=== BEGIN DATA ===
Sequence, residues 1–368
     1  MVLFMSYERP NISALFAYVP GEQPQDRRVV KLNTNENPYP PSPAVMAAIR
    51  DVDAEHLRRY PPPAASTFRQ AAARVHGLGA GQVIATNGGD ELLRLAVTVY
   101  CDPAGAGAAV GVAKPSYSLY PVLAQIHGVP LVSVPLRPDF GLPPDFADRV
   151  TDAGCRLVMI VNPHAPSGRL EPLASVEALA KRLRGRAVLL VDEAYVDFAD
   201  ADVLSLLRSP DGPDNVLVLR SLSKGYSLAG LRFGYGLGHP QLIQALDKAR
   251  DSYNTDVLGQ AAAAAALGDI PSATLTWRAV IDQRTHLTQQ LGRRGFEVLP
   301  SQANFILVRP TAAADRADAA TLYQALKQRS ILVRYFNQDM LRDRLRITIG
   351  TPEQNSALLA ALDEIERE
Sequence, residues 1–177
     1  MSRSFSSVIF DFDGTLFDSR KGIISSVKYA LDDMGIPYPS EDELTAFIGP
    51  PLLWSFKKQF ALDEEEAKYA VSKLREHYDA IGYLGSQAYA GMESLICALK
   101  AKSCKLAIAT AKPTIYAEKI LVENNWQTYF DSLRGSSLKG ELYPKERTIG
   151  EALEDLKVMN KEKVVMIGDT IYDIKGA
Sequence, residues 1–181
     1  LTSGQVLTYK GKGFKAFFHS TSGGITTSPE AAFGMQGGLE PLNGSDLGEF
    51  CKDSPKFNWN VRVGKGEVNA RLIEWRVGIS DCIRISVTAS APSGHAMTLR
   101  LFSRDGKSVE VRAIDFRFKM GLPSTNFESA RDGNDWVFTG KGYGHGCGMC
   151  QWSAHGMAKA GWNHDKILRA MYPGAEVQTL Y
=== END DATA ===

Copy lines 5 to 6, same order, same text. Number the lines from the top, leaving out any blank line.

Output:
   151  TDAGCRLVMI VNPHAPSGRL EPLASVEALA KRLRGRAVLL VDEAYVDFAD
   201  ADVLSLLRSP DGPDNVLVLR SLSKGYSLAG LRFGYGLGHP QLIQALDKAR